GarCo coalition boosts health from Carbondale to Parachute
RIFLE — To promote the launch of Garfield Healthy Communities Coalition, formerly known as LiveWell Garfield County, community organizations gathered at the Ute Theatre on Thursday in celebration of their efforts to make the county a healthier place to live.
The event showcased some of Garfield County’s most successful health programs, including the Sopris Elementary Wellness Team, La Liga Women’s Soccer, Water First Campaign and the Gleaning Project.
“It’s a community celebration of all of our programs,” said Dana Wood, Garfield Healthy Communities Coalition coordinator. “Community leaders from all of Garfield County’s different communities were invited, and it presented a great opportunity for bonding and connections to be made from Carbondale to Parachute.”
While the event was meant to serve as an opportunity for Carbondale community organizers to connect those out in Rifle and so on, brief presentations gave guests the chance to learn a little bit more about the programs the coalition supports.
Brandon Henriquez and Margarita Alvarez, the organizers for La Liga Women’s Soccer, discussed how they wanted to get women in their area more exercise and decided to start the La Liga league from Aspen to Rifle.
“That’s why we do this, to support women,” Henriquez said.
The league consists of women ages 15 and up composing several teams throughout Garfield County. More than 90 percent of the players are Spanish-speaking, and without the health coalition, it would never have gotten off the ground, according to Henriquez. Now he gets to see mothers and daughters, sisters and cousins playing with or against one another in a league that’s sole purpose is to get women involved and interested in the competitive sport.
Among other programs featured Thursday, Christine Dolan, nutrition program coordinator for Garfield County, said that 30 water bottle filling stations have been installed at fountains throughout Garfield County as a result of the Water First campaign.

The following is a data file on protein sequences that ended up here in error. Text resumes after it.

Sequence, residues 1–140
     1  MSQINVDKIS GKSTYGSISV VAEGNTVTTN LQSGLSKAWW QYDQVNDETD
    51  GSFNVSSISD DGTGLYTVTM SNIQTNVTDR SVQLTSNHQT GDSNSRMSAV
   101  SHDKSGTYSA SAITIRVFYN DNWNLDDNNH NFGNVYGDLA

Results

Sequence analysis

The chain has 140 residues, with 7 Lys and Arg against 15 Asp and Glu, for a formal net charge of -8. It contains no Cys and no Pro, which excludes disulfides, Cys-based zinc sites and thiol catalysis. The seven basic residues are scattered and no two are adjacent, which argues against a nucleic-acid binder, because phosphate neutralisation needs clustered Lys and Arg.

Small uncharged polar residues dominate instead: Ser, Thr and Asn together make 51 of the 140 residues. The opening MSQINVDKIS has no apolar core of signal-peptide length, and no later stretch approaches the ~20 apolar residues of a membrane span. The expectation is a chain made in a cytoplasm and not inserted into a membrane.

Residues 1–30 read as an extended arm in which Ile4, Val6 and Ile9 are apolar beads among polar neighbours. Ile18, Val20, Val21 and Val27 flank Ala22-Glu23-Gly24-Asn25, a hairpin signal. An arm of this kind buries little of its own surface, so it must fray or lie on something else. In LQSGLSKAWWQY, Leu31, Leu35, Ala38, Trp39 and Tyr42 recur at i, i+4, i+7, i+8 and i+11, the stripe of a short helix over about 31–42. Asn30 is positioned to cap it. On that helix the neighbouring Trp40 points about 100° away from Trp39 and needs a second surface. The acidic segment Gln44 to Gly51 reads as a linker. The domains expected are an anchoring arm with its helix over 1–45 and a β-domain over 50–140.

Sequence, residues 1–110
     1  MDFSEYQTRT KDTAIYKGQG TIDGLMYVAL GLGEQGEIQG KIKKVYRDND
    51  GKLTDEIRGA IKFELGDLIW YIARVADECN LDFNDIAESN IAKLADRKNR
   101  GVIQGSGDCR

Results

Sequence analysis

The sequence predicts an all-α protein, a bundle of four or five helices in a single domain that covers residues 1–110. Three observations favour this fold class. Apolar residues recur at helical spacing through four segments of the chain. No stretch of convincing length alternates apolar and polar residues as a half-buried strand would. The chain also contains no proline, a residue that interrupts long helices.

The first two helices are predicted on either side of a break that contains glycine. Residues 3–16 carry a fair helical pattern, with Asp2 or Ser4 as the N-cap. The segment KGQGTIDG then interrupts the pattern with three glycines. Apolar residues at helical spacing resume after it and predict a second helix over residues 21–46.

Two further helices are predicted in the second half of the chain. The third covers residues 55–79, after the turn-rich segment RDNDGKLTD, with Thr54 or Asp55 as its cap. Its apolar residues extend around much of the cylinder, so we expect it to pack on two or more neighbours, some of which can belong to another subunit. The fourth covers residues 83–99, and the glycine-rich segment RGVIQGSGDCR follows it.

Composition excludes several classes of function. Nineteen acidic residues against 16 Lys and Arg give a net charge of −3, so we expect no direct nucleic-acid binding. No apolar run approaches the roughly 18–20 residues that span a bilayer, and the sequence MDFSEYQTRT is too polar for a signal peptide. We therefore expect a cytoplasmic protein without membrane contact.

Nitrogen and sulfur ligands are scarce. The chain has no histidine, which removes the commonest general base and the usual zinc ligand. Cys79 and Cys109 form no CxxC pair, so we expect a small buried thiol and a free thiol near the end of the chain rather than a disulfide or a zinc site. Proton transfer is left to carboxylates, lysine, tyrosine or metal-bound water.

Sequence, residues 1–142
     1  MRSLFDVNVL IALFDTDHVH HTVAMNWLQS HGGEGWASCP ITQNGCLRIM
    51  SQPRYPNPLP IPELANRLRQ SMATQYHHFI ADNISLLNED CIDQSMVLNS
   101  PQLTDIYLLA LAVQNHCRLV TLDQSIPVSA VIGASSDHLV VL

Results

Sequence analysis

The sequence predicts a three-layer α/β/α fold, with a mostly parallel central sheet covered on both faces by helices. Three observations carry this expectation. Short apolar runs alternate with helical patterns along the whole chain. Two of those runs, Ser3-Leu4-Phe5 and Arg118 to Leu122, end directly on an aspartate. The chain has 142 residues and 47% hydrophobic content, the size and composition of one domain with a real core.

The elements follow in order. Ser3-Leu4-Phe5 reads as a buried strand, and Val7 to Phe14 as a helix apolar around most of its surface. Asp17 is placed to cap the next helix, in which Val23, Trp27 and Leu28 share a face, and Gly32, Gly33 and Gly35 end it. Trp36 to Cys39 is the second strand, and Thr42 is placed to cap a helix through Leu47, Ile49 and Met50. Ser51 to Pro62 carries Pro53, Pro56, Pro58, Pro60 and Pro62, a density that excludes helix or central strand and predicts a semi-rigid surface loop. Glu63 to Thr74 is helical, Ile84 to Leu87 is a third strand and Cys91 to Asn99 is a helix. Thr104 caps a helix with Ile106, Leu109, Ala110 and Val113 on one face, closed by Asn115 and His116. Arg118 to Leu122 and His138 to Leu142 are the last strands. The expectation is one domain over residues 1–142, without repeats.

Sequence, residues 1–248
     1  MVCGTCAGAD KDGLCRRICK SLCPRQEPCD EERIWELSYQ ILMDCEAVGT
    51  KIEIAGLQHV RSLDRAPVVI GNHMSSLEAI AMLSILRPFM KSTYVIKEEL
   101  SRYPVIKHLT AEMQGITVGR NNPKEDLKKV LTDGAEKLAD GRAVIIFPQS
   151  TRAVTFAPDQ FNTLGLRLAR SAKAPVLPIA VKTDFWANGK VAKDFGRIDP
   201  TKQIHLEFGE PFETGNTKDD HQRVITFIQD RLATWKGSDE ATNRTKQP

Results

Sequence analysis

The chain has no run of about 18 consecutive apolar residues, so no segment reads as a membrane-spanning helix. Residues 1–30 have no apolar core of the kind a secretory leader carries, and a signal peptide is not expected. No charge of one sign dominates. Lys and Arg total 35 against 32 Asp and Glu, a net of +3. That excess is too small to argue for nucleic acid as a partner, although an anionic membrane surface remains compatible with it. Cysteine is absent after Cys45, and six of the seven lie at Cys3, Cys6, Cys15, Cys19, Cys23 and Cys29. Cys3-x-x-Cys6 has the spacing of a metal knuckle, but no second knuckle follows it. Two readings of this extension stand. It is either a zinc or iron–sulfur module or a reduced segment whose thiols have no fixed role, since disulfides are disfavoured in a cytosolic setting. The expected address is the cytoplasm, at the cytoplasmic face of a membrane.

Combine that with the 40,000 pounds of fresh produce that has been donated to the county through the Gleaning Project, a partnership with local farmers of the county to help glean produce and donate it, and it’s easy to see how influential these programs can be in eating and living healthier.
While most of the presentations discussed projects currently in Garfield County, Nathan Lindquist, Rifle planning director, had much different information to share. He gave a brief rundown of a future trail that is going to be constructed behind Rifle High School to connect the high school to the Rifle Animal Shelter and beyond. The trail, two-thirds of a mile long, is still in the design phase, but Lindquist said that the near $10,000 donated by GHCC is a great help in seeing the trail becoming a reality.
By inviting these organizations and the communities that take part in them, Wood and the rest of the GHCC committee hope to establish relationships that can be used to build the coalition and the programs it supports to new heights in 2017.
“The big thing for use is to get all the communities together and talking,” said Jody Williams, member of the coalition’s committee. “One way or another everyone in attendance is touched by what we do.”
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